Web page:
Cache Server Maintenance Considerations (Windows Server AppFabric Caching)

Windows Server AppFabric caching features rely on physical servers to support the cache cluster. All servers require maintenance at some point, and many times that maintenance requires a server reboot. This topic describes important considerations for minimizing or avoiding cache cluster downtime when server reboots are required for maintenance.

Rebooting Servers

When deployed on a single server, the cluster configuration storage location is a single point of failure for the cache cluster. If lead hosts perform the cluster management role, rebooting too many of the wrong cache servers could also cause the cache cluster to shut down.

Cluster Configuration Storage Location

The cluster configuration storage location can be a SQL Server database or a shared network folder. Without access to it, the cache cluster cannot run for more than a few minutes. Before rebooting the server hosting the SQL Server or file server, shut down the cache cluster with the Stop-CacheCluster command. This command stops the cache host Windows services on all cache servers in the proper order. For more information about the cluster configuration storage location, see Cluster Configuration Storage Options (Windows Server AppFabric Caching).

Cache Server

As a general rule, we recommend rebooting only one cache server at a time. No special procedures are required when you shut down a server for a reboot. If you want to stop only the cache host Windows service, use the Stop-CacheHost command. Stopping the service with the Windows Services console is not supported. After a reboot, use the Start-CacheHost command to allow the cache host Windows servers to rejoin the cluster. For more information, see Using Windows PowerShell to Manage Windows Server AppFabric Caching Features.

When lead hosts are performing the cluster management role, for the cache cluster to remain available, a majority of lead hosts must remain available. If this is the case in your cluster, reboot only a small minority of lead hosts at any one time to avoid the cache cluster shutting down. Non-lead hosts can be rebooted at any time without affecting the running state of the cache cluster. For more information about lead hosts, see Lead Hosts and Cluster Management (Windows Server AppFabric Caching).

noteNote
The Stop-CacheHost command will not stop a cache host Windows service if it is performing the cluster management role and stopping the cache host will cause the entire cluster to shut down.

If SQL Server performs the cluster management role, you do not need to consider whether or not the cache host is a lead host. The cluster can continue to run with only one cache host.

Any time that the cache host Windows service on a cache server stops, all data in memory on that computer is flushed. To help insulate applications from this loss of data due to server reboots, enable the high availability feature on the named caches. This has some performance impact, but the additional overhead may outweigh the cost of reloading the cache.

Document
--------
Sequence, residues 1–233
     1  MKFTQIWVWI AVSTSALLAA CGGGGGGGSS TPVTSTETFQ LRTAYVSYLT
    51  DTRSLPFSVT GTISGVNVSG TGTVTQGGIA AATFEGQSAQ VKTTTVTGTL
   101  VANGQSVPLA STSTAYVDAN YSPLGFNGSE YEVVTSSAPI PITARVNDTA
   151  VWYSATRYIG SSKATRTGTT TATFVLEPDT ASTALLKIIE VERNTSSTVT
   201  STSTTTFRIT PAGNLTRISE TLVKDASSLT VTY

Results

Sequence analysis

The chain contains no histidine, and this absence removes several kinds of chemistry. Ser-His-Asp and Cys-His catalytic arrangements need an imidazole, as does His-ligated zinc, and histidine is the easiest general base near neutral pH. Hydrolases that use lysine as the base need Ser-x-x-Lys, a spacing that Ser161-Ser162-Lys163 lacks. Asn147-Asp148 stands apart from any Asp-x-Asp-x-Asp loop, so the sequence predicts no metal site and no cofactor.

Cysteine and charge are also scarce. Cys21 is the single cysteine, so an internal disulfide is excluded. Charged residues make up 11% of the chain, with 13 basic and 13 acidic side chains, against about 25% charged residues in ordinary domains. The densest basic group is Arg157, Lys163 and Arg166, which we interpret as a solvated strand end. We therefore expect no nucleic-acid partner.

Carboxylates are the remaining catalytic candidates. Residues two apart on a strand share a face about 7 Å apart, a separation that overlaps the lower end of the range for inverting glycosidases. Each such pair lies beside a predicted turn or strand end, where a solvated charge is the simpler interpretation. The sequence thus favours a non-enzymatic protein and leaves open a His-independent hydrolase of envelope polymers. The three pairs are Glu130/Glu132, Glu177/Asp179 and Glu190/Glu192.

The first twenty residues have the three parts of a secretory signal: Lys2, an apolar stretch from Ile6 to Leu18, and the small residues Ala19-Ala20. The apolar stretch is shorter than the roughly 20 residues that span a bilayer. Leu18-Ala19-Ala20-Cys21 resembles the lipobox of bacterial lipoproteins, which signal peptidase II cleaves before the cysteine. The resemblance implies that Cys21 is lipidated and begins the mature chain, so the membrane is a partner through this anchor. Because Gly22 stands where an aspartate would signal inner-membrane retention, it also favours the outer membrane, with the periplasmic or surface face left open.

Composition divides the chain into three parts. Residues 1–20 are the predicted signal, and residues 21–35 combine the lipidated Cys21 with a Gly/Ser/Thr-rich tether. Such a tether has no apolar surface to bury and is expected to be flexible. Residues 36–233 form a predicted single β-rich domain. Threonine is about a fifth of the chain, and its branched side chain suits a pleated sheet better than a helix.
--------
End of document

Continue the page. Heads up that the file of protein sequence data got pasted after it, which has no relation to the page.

For the high availability feature to help insulate your application from the failure (or stopping) of a cache host, at least three cache hosts must be members of the cache cluster. This is due to a strong consistency requirement stating that there must always be two copies of a cached object or region in a high availability-enabled cache. To maintain two copies of a cache or region, a high availability-enabled cache requires at least two cache hosts to function. For more information, see High Availability (Windows Server AppFabric Caching).

In addition to the minimum number of servers required to keep the cluster running, it is also important to consider the memory needs of your application. The caching needs of the application are not likely to change solely because a cache server rebooted. It is important that sufficient cache servers remain running to support the caching needs of the application.

Administration Recommendations

To simplify the rebooting sequence, we recommend using a SQL Server database to store your configuration settings and having that instance of SQL Server perform the cluster management role. This way, it does not matter which of the cache servers is rebooted during maintenance.

To optimize availability of the cache cluster, we recommend using Windows Server 2008 Failover Clustering to host a "clustered" database or folder resource for the cache cluster configuration storage location. With a clustered storage location, you can use more than one Windows Server 2008 server to host the "clustered" configuration storage location, allowing you to reboot one Failover Clustering node at a time without affecting the availability of the cache cluster configuration storage location.

When possible, oversize your cache cluster by adding more cache servers than your application needs at the current time. This will enable you to reboot a small number of cache servers without any material impact to the cache cluster performance.

Actions That Require Downtime

Several actions require downtime of the cache cluster. The common theme for all of the actions listed below is that they require changes to the cache cluster configuration.

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